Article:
The news is packed with attention grabbing reports of NFTs being sold for eye watering sums. Just recently, an NFT called ‘The Merge’ created by the digital artist, PAK, was sold for $91.8 million, and Forbes has reported that the combined NFT market cap grew by 1,785% in 2021 alone.
NFTs are clearly a growing phenomenon, but what exactly are they? The easiest way to understand them is to break down the components of the phrase itself.
‘Non-fungible’ means something unique which cannot be copied, substituted or subdivided, even with an item of the same value. Whereas a £1 coin can easily be exchanged for another £1 coin, an original piece of artwork cannot be replaced with another piece. In such cases, you might have another painting worth the same value, but you have a different painting. The ‘token’ is the digital medium through which the non-fungible asset is acquired and held.
In their simplest form, NFTs are a digital method of owning non-fungible assets. They are held on the blockchain, which is a decentralised ledger, recording transactions on a ‘chain’ that cannot be erased. Assets, contracts and currencies are just a few examples of items that are recorded and held on the blockchain.
NFTs are typically traded and stored on the ‘Ethereum’ blockchain. One of the benefits of holding non-fungible assets on the blockchain is the open and permanent record created and maintained for the specific asset. As every transaction is recorded on the blockchain, this creates a digital certificate proving the authenticity of the asset, evidencing the chain of ownership from creation up to its current owner(s).
The integration with blockchain technology means that NFTs have three key features: they are verifiable, indestructible and indivisible. These qualities make them permanent, tradeable and capable of being authenticated.
NFTs can represent a wide variety of non-fungible assets. They are particularly popular for holding artwork because the record of ownership on the blockchain provides authenticity and reduces the opportunity for fraud. Although most NFTs are currently used for digital artwork, they can be used for physical artwork, too, and can act as a useful tool to increase confidence in the provenance of such assets.
There are many other examples of how NFTs are being used right now such as for photos, collectibles, pieces of music, videos, tweets and assets used in video games.
From the artist’s perspective, NFTs can be a useful tool for generating income. When NFTs are combined with smart contracts, artists can set the ongoing terms of sale governing their creative assets. This enables them to receive a cut of every onward sale of their work. For the music industry in particular, this has the potential to be powerful in supporting smaller artists by reducing losses associated with illegal downloads.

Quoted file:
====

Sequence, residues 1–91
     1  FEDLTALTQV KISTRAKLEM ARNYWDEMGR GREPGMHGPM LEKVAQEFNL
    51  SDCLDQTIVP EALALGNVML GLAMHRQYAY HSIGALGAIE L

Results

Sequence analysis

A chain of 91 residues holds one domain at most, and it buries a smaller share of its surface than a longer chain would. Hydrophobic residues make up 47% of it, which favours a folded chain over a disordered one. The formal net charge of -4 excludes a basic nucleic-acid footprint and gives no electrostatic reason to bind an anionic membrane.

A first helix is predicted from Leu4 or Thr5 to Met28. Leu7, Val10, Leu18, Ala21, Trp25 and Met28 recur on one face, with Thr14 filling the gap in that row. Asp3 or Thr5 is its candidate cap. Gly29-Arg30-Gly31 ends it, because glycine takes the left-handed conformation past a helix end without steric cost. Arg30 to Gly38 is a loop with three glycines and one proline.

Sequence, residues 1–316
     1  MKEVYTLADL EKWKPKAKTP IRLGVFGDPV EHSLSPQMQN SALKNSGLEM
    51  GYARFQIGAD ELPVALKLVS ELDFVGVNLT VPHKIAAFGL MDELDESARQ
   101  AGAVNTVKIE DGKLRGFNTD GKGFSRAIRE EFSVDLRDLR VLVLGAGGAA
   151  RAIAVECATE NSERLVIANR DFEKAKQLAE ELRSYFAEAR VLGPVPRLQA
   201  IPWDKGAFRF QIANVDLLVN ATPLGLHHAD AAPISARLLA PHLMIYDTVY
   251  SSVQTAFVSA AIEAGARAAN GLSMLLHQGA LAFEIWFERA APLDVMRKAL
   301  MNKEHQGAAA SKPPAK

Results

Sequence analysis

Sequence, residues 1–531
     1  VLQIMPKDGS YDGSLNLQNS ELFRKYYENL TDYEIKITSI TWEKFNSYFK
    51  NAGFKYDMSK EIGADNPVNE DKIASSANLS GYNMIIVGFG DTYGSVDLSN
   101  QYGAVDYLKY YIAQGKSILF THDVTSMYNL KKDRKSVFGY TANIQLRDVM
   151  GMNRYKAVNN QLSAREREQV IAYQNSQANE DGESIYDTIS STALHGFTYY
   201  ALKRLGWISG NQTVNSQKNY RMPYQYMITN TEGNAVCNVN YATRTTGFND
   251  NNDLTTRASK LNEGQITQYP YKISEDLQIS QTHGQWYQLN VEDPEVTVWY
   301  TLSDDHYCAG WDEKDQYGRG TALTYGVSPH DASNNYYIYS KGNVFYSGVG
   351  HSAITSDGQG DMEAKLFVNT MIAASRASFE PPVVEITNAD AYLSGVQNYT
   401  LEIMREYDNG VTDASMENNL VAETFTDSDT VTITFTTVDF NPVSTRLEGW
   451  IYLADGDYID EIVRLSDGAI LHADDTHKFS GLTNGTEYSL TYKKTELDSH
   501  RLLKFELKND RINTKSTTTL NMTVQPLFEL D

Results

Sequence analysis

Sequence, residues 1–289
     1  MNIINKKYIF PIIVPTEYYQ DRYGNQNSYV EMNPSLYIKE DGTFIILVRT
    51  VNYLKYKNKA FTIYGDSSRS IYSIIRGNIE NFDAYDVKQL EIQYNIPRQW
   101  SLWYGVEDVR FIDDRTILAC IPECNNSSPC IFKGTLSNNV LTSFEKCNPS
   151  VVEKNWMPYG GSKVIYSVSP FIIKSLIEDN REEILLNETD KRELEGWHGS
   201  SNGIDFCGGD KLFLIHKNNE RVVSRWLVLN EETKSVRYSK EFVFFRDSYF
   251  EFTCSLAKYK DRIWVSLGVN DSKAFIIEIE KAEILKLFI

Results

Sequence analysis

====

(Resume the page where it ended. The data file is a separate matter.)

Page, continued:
If this all seems a little hypothetical, it is anticipated that NFTs will one day be commonly used for every day physical assets. For example, your house deeds may be stored in an NFT as well as your driving licence, passport and birth certificate. Your store loyalty cards, purchase history and gym membership could also be stored in an NFT as a way of demonstrating that these belong to you. You could even have your theatre tickets delivered
to you in an NFT. As only you should have the required details to access your tickets, the theatre knows you are the rightful owner of them.
As well as holding important physical assets such as your ID documents, NFTs are likely to become an increasingly common investment vehicle for those seeking to invest in artwork, music and other creative mediums.
Estate planning considerations
As NFTs are likely to become pervasive in the coming years, it is prudent to consider how these assets are owned as part of your estate, and passed on when you die.
During your lifetime it is essential to keep secure and accurate records of your NFTs, detailing where they are held and how to access them. Not only will this ensure you do not lose access to your NFTs, but it will assist your personal representatives in dealing with these assets as you intended when you die.
You should bear in mind that, upon death, your will becomes a public document and, as such, any specific access details for your NFTs should not be contained in it. Instead, it would be advisable to maintain an up-to-date schedule of the access details in a secure location, and to make your personal representatives aware of where to find this information in the event of your death.
If you are a personal representative appointed to administer an estate with cryptoassets such as NFTs, you will need to be aware of the tax implications that arise. Such assets are usually liable for inheritance tax and possibly capital gains tax.
This is relatively new area, which we and our clients are following with interest.